ME/CFS Diagnosis


ME is an illness that affects one million people in the United States alone. Although the condition is more common among women than in men, it can strike people of any age or background. Children younger than ten years of age are also affected by the disease. Because most medical providers don’t recognize it, the exact prevalence of the disease is not known. If you suspect you might have ME, speak to your doctor. He or she will likely be able to help you understand the disorder and how to deal with it.

There are many causes of ME. While the illness has no known cause, it can be attributed to a number of different conditions, including stress, allergies, or an overactive thyroid. In some cases, the condition can be caused by a viral infection. While it is not a disease that can be easily diagnosed, some doctors may be unsure of the best course of treatment. Depending on the severity of the symptoms, there may be a treatment plan available for the patient.

Doctors can make a diagnosis of ME/CFS based on the symptoms and medical history of the patient. A physician must rule out other illnesses that may cause similar symptoms, such as thyroid or liver disorders. However, this is not always possible because the symptoms of ME/CFS can mimic other conditions. However, the main criteria that the doctor should look for are the following:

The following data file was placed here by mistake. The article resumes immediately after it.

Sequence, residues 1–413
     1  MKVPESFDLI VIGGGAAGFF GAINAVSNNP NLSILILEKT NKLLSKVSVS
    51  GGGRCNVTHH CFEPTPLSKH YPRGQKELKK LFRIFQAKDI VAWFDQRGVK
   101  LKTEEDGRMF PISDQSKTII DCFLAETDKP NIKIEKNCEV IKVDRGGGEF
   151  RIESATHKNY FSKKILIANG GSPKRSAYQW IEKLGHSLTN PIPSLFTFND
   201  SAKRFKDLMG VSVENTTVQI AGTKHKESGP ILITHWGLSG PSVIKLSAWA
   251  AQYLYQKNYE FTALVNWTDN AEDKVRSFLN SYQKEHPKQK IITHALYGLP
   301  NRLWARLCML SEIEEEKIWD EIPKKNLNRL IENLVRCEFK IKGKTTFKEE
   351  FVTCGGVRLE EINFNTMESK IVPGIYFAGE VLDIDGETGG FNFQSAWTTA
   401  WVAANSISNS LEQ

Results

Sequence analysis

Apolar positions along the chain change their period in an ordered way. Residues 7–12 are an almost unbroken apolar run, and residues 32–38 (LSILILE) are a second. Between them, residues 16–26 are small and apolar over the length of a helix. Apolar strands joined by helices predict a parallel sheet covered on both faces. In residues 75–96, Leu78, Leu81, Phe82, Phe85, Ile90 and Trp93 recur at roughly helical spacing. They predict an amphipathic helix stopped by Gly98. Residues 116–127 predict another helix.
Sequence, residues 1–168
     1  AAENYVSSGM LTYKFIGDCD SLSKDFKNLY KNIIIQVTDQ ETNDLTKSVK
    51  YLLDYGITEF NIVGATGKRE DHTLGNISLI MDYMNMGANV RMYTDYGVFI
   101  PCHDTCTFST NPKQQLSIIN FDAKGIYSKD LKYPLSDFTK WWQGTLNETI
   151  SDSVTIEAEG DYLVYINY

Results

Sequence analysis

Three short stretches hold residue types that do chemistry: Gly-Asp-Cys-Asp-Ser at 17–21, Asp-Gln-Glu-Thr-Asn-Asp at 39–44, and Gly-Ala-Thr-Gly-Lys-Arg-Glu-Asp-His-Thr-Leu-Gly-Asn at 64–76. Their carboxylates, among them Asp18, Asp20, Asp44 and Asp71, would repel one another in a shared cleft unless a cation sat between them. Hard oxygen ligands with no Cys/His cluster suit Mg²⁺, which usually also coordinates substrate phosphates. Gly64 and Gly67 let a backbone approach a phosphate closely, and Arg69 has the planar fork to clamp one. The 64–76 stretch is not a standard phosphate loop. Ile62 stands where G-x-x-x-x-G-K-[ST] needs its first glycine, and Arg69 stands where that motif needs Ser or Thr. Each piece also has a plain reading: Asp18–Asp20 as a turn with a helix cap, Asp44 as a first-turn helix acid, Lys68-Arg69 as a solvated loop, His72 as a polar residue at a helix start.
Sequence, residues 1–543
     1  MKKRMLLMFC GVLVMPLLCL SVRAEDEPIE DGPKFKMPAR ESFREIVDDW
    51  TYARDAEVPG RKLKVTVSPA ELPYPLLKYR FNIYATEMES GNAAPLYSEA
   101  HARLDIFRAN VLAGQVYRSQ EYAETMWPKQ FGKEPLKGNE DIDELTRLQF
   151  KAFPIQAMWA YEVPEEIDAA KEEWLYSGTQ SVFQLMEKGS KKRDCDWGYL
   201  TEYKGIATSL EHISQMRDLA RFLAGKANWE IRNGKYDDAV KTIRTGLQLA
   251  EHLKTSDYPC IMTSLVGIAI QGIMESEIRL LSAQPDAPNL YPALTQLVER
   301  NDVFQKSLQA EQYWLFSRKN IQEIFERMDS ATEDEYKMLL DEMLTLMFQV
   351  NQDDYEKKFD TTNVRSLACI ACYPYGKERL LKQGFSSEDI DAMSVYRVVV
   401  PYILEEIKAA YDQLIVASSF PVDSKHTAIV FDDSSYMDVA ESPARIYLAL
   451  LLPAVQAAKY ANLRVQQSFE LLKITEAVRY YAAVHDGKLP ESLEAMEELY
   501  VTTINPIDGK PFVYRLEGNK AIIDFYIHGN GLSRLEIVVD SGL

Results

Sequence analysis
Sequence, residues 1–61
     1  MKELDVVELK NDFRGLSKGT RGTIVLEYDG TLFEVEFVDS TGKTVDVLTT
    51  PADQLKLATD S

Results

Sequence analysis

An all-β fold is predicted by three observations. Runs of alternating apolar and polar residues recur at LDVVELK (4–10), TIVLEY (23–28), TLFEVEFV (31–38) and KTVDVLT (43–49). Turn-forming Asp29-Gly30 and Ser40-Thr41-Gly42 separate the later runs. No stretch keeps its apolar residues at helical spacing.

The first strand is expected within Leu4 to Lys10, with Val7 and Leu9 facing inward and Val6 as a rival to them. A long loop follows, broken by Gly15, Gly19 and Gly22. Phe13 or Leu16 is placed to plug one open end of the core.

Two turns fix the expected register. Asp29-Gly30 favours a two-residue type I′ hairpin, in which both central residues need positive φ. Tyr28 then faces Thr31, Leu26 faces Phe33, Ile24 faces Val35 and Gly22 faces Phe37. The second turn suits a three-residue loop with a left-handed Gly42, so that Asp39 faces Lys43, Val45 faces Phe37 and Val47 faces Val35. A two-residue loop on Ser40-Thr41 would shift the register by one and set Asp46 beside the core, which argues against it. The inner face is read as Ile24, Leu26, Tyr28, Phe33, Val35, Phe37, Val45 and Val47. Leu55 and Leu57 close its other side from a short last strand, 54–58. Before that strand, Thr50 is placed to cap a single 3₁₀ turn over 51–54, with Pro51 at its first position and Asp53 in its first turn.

ME/CFS is a neurological disorder that causes severe fatigue and debilitating symptoms. In fact, most people with the disorder experience many symptoms, varying from mild to severe. The World Health Organisation classifies the illness as a neurological disorder. However, the criteria used to diagnose ME have become increasingly complex. In fact, there are more than 20 diagnostic criteria for ME. Not all of them are designed to be used in clinical practice, so the exact diagnosis is not always straightforward.

Although a consensus on a definitive diagnosis has not yet been achieved, many researchers have tried to come up with a consensus. In fact, most studies use Fukuda criteria while other research groups are now using the 2003 Canadian criteria. Although many clinicians still rely on clinical judgment, the Canadian clinical criteria are supported by the ME Association and emphasize neuroimmune dysfunction as a key element in the diagnosis. So, if you suspect you have ME/CFS, don’t be afraid to speak to your doctor.

A person with ME/CFS may have any of the four categories of disability listed below. The individual symptom profile will vary, but patients usually start off on one level and progress to a different level. Patients may also experience worsening symptoms without apparent reason – this is known as ‘fluctuating illness’. Despite the fact that most people recover from ME/CFS, full recovery is a very rare occurrence. Only 10% of patients complete full recovery.